Chrissy h Roberts - TAB Application - 2020-09-01

Name
Chrissy h Roberts (@chrissyhroberts)

Organization
London School of Hygiene & Tropical Medicine (LSHTM)

What contributions (e.g., issue triage, tech support, documentation, bug fixes) have you made to the ODK community?
Long term focus on implementation of ODK systems in clinical research, epidemiology, emergency global health response and clinical trials.

Contributions to ecosystem development through commissioned work with Enketo (security updates) & Nafundi (audit trail etc.)

How do you believe your contributions have benefited ODK?
My work has raised the profile of ODK in the academic research community and particularly in the sphere of emergency medicine, clinical trials during outbreaks and global health. My team's work leveraged opportunities to test innovations in ODK ecosystem in real world high challenge settings and to refine and improve functionality of ODK in complex contexts such as conflict zones and areas affected by high consequence infectious disease outbreaks.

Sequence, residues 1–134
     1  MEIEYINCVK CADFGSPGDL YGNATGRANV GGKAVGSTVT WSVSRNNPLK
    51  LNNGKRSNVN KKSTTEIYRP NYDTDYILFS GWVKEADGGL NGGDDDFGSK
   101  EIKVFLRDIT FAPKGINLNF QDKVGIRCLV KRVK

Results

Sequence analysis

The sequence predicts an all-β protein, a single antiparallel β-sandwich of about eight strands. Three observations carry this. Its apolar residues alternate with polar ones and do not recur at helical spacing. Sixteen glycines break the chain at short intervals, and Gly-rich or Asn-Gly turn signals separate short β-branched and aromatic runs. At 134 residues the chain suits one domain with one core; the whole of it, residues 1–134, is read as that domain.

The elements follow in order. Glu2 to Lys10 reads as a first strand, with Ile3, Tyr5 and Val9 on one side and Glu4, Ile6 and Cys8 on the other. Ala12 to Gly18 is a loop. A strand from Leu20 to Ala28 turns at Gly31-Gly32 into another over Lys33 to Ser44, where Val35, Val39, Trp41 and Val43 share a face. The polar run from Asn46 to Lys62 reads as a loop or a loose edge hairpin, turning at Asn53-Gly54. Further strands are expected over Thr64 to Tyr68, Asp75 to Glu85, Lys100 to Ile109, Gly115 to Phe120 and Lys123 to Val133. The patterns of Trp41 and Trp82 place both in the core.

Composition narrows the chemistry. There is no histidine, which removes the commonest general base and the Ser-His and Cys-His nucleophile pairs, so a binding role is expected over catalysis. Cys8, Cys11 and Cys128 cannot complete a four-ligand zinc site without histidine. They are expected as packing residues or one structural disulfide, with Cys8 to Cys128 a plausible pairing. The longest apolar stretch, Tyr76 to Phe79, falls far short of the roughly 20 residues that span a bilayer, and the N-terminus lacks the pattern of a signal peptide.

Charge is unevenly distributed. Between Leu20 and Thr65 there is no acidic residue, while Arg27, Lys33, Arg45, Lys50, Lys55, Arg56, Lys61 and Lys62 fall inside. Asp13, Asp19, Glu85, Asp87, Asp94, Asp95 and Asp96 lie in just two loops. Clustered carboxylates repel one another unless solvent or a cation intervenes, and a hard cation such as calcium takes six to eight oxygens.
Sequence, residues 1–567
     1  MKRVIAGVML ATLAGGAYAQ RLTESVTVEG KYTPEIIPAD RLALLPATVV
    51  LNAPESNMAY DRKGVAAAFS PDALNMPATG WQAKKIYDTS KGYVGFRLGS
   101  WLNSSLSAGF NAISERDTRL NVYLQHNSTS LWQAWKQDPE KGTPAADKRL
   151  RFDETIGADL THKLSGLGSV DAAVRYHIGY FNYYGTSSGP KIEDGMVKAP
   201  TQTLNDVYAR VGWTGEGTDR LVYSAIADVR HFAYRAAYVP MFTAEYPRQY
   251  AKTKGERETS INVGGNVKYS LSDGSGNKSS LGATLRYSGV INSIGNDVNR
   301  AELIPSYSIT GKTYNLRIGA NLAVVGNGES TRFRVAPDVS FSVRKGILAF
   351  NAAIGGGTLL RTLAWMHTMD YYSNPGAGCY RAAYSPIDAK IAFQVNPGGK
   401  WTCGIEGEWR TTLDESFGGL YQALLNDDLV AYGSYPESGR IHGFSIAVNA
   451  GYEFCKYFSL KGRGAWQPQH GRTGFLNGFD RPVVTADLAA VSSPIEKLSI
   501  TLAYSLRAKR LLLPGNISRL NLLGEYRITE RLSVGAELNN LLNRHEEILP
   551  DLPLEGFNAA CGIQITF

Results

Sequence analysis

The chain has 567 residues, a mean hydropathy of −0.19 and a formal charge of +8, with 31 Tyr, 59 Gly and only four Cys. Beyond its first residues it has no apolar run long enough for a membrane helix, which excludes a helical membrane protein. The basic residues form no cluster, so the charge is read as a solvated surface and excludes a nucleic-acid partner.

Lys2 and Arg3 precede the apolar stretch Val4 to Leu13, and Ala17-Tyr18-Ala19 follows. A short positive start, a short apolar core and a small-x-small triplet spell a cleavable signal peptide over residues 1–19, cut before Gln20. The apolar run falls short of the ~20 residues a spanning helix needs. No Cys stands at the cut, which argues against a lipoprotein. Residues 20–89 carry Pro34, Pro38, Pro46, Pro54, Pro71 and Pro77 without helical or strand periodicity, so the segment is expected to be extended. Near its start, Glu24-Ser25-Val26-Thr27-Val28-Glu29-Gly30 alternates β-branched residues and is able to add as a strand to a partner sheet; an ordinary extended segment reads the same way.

The ongoing collaboration between my team, Nafundi and Enketo has led to developments which we have detailed in a paper that we recently submitted to the academic journal BMC Medical Informatics and Decision Making (Preprint https://www.researchsquare.com/article/rs-52854/latest.pdf) This paper describes some significant updates and improvements to ODK including audit trail, fingerprint scanning, scalability and automation.

What do you believe the top priorities for ODK are?
I suppose that the current goals are to progress with the Central roadmap.
I'd personally identify a potential priority in this as being the need to expand functionality of Central to include functions that allow longitudinal data collection, sync between Central and Collect and audited editing of data on device and/or server.

How will you help the ODK community accomplish those priorities?